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Best of The Interpreter 2017: Our top 10

We've covered all the big foreign policy stories in 2017, but our most popular posts reflect The Interpreter’s strong focus on Asia.

Best of The Interpreter 2017: Our top 10
Published 22 Dec 2017   Follow @SamRoggeveen

The Interpreter is about to go on hiatus until 8 January, but between now and then, we'll publish occasional posts reviewing our very best material from 2017. To kick us off, a countdown of our ten most popular posts of the year.

We've covered all the big foreign policy stories in 2017, including the Trump administration and Australia’s place in the world. But our most popular posts for 2017 reflect The Interpreter’s strong focus on Asia. Southeast Asia expert Sidney Jones had two pieces in our top 10. There were also two top-10 pieces on the China-India clash over Doklam, and two more on the China-India relationship. But our most read article in 2017 was from one of 2017’s most popular online personalities, a long-time Interpreter contributor and one of the sharpest Korea analysts around. Here's the whole list:

10. Has Marawi killed the Philippines peace process?, by Sidney Jones:

Duterte's war on drugs has been as much of a disaster for Mindanao as the Maute brothers. In Marawi, it may have sent some dealers into the arms of the extremists for protection, though there is no evidence to support Duterte's assertion that the Mautes themselves were long involved in the drug trade. It has undercut any efforts to fix the dysfunctional criminal justice system, encouraging vigilante killings and planted evidence. With most of the victims from poor neighbourhoods, it has reportedly led to a spike in recruitment for the Communist New People's Army (NPA), which in any case is taking full advantage of the massive deployment of military forces to Marawi and the Sulu archipelago. And it is diverting the attention of the president and his advisers from moving forward on Bangsamoro autonomy. If the President is not careful, his legacy to the Philippines will be two newly revitalised insurgencies, not just one.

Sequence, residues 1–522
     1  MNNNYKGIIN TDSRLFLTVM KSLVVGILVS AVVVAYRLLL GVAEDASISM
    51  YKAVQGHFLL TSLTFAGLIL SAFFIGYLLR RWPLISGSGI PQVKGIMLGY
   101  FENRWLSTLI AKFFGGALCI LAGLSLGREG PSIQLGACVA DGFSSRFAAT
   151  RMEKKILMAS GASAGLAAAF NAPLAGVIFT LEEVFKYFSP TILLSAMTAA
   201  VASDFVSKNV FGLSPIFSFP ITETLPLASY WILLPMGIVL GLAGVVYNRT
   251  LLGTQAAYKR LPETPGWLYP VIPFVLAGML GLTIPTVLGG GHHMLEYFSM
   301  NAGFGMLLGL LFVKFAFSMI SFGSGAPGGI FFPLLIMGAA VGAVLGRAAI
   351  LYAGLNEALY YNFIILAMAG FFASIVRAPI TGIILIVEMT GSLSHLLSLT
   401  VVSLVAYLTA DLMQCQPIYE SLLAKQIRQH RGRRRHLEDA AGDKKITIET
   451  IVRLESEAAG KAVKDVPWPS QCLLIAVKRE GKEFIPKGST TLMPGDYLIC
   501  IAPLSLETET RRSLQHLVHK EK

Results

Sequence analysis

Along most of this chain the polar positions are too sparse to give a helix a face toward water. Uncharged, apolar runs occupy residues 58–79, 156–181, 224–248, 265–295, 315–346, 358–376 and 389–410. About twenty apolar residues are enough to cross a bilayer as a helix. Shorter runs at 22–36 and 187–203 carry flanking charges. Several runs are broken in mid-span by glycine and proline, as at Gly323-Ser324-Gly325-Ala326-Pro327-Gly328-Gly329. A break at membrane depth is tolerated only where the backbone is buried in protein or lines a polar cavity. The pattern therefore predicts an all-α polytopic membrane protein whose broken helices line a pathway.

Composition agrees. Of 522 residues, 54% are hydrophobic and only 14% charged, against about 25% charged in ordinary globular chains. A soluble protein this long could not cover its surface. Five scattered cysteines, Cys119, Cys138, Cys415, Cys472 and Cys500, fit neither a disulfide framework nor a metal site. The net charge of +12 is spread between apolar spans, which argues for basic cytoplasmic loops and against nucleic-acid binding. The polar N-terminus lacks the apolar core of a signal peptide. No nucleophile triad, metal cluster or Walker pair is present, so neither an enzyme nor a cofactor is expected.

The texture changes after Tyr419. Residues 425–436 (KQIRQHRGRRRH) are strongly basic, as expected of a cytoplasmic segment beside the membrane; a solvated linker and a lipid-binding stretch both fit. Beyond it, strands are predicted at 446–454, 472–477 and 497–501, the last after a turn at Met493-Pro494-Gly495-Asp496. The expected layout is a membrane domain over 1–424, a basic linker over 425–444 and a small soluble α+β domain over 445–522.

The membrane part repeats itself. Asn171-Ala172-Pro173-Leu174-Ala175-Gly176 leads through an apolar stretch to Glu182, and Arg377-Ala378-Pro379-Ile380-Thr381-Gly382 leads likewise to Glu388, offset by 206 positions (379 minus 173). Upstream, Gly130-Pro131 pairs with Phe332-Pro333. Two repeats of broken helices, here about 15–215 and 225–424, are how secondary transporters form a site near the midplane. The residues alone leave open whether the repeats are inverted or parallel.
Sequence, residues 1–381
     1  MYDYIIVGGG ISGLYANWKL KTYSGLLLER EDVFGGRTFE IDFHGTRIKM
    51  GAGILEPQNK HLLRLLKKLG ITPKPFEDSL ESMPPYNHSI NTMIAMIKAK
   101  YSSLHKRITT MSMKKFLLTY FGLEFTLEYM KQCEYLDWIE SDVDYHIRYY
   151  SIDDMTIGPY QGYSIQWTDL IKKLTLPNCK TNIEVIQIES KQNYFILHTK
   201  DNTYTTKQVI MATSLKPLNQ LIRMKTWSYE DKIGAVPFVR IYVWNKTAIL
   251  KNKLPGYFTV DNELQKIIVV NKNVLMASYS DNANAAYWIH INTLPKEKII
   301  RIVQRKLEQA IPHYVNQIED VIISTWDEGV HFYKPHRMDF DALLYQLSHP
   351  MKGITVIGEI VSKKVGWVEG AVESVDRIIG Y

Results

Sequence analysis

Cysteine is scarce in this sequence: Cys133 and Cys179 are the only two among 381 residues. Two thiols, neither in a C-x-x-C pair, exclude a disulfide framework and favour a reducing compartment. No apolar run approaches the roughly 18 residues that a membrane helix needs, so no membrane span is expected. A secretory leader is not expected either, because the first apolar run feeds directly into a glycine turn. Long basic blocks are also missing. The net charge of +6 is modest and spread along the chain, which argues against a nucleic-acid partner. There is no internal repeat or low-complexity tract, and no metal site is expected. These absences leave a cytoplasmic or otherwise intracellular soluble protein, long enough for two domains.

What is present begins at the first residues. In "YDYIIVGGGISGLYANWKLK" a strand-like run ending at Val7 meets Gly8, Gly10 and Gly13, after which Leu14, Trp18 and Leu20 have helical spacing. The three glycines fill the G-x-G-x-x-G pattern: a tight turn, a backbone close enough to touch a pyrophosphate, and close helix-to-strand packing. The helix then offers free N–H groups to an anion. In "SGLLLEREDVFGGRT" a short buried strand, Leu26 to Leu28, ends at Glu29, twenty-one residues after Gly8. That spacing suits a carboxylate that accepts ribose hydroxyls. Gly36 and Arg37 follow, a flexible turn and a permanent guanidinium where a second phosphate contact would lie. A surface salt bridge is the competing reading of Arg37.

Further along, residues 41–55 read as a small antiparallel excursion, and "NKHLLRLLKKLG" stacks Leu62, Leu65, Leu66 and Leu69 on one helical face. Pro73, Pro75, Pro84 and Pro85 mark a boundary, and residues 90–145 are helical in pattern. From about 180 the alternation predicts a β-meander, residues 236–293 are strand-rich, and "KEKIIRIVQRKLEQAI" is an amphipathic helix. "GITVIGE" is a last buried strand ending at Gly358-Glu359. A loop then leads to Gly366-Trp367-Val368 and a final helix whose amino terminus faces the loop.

9. India feeling the heat on Belt and Road, by Dhruva Jaishankar:

A case could be made that BRI's hype and flaws mean that it should not be a cause for concern for New Delhi. But national security policy has to account for a variety of scenarios. Given that BRI directly impinges upon India's neighbourhood policy, counter-terrorism objectives, desire for a stable balance of power in Asia, and ability to shape global institutions and norms, it arguably presents the greatest single challenge to India's foreign policy.